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Cost to rewire a 200 yr old home

Hi, I am seriously considering purchasing an antique home. It has 3 floors (the top is a walk up attic) and a fieldstone basement. The electrical is the old fusebox type & would definately need to be upgraded. The home is just under 3,000 sq. ft. Can anyone give me a reasonable or ballpark estimate of the cost in Massachusetts? South of Boston area?

Thank you

Re: Cost to rewire a 200 yr old home

I think there are too many variables to even give a ballpark estimate here. You'd be best served to ask your friends and neighbors to recommend some licensed electricians, then get at least three estimates. Make sure the electrician understands EVERYTHING you want to do, and that you get a detailed proposal. A project scoped as "rewire house" is so extremely vague you will be hit with umpteen change orders when throughout the project you find that your interpretation of "rewire house" is different from the electrician's.

With that age of house, the style of construction could make rewiring easy or it could make it very difficult. The skill of the electrician will play a big part in his or her ability to route wiring efficiently, well-concealed, and with a minimum of damage.

Also to consider are your plans & dreams for the house to accommodate future needs. Electrical wiring is more than lights and outlets nowadays; you may also wish to install network, video, security, or home theater wiring which adds to the cost of the project (but may be cheaper to do now than later).

As for lighting, a fluorescent strip light installs the same way as a bare-bulb porcelain "keyless" fixture, but many of the new LED lighting options may require completely different methods of installation.

All stuff to consider in your project. Those who don't plan ahead get left behind.

Re: Cost to rewire a 200 yr old home

Thanks for the suggestions. I have added them to my list of things to consider should we move forward.

Re: Cost to rewire a 200 yr old home

Best to start small the take care of critical and larger appliances then move on to the nearest circuits or upstairs circuits.

You may want to combine replacing plumbing and electrical together. Do things like run a homerun to the attic in conduit and distribute it from there.

Again, go after biggest hazards first. Fused service disconnects, fuse panels and overloaded circuits... and getting major appliances on their own branch circuit. Dishwashers, disposals, fridge, washing machine, microwave, entertainment center all should have their own circuit with a proper ground. lighting is probably the lowest priority. install CFL's and LEDs to reduce the load.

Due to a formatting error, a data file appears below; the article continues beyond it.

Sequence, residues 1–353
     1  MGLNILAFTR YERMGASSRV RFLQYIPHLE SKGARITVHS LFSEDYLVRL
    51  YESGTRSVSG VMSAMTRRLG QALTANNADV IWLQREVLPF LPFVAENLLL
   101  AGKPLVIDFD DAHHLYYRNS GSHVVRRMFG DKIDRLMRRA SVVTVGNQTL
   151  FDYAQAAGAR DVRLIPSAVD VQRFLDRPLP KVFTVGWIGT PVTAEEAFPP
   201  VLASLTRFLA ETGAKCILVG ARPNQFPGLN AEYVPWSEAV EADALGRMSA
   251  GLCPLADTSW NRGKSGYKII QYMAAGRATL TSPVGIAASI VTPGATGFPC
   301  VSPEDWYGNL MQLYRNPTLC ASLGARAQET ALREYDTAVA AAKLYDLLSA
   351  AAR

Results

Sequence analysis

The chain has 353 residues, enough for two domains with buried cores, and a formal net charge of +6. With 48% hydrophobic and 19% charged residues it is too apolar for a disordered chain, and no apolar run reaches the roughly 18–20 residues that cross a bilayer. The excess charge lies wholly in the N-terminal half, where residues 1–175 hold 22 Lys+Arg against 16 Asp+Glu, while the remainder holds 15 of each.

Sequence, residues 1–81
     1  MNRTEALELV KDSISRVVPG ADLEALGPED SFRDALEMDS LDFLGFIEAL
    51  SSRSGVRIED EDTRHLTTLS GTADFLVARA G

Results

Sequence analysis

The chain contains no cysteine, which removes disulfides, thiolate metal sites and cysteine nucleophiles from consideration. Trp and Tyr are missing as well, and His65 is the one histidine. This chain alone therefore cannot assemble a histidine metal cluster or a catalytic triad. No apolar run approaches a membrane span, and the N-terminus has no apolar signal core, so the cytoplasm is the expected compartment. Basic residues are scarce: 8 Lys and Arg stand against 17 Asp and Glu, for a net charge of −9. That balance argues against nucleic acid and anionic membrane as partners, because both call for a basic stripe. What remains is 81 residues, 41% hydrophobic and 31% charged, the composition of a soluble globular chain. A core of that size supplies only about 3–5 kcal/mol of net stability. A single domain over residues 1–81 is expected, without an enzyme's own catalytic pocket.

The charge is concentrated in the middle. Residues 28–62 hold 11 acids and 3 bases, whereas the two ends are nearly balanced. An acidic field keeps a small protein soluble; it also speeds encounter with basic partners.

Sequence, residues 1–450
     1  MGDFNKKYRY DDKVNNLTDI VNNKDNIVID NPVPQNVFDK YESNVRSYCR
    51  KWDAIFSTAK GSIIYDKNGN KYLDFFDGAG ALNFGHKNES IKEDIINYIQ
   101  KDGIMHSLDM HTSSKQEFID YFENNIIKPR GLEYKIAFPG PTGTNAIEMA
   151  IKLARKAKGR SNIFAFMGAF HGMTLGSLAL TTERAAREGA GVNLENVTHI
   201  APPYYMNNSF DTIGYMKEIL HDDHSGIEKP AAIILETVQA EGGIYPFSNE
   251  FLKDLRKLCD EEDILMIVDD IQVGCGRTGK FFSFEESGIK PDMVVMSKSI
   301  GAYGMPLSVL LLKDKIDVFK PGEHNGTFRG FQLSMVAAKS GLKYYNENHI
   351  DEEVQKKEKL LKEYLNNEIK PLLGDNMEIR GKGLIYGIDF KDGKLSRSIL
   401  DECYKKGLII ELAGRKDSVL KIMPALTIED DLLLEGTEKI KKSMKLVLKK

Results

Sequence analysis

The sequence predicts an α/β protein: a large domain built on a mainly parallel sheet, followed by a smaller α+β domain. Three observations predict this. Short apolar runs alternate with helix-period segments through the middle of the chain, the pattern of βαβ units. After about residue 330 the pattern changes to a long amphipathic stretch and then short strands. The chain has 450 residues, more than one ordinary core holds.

Re: Cost to rewire a 200 yr old home

thanks - so glad I posted here. Even though I recently put on an addition & thought I covered everything (washer dryer, cable, phone) it was just one big room & a garage, not a 10 room whole house project.

Re: Cost to rewire a 200 yr old home

Replacing wires in a 200 old house should be top priority, since it's a safety issue. You can start with the larger users, as motoguy said, but you have to do it soon, then replace the rest of the wires as you go along.

However the pipes are different. Replace them all at once.

Prices? they vary from place to place and from contractor to contractor. Just get a few estimates and compare them.

Re: Cost to rewire a 200 yr old home

I'm sure the size of the service needs to upgraded. As said before, there are a lot of variables. You will pay at least around $2k just for the new panel and service upgrade. I am not an expert, but I would expect to pay at least $10k for a whole house rewire.

Re: Cost to rewire a 200 yr old home

Yup... I paid $2300 for a licensed electrician to a new 200A panel. Actually it was a really good deal since they also pulled new branch circuits to a fused sub panel, pulled a new circuit to the refrigerator and added a new outlet for a future water heater and they installed a new light fixture in my kitchen that I didn't fee like messing with myself.

For about the same cost as the, in my opinion, worthless arc fault interrupters, I upgraded to a commercial grade Square-D QO panel. The homeline stuff is just too cheap. I've heard of frequent nuisance trips with AFI's. I'd rather have a higher quality panel that will last 50+ years.

For the rest of the house, it just depends on how many circuits you need and how hard they are to access.

After the main panel, then go after major appliances. Anything that uses more than 800-1000W during normal operation needs it's own dedicated circuit. That way circuit ampacity rarely eceeds 50%. That keep wire temperature low and will keep insulation lasting longer. Next, I'd start with outlets that are used regularly. Determine first which outlets you really need. a cheap solution to some wiring may be to abandon uneeded outlets in place and/or install outlets where you can easily access them. For example if you have a wall sconce, consider putting an outlet below it and share the same circuit. Ideally, you should keep outlets and light on separate circuits so if you overload a circuit with an appliance, you don;t lose lighting. But few modern homes are done this way ass well.

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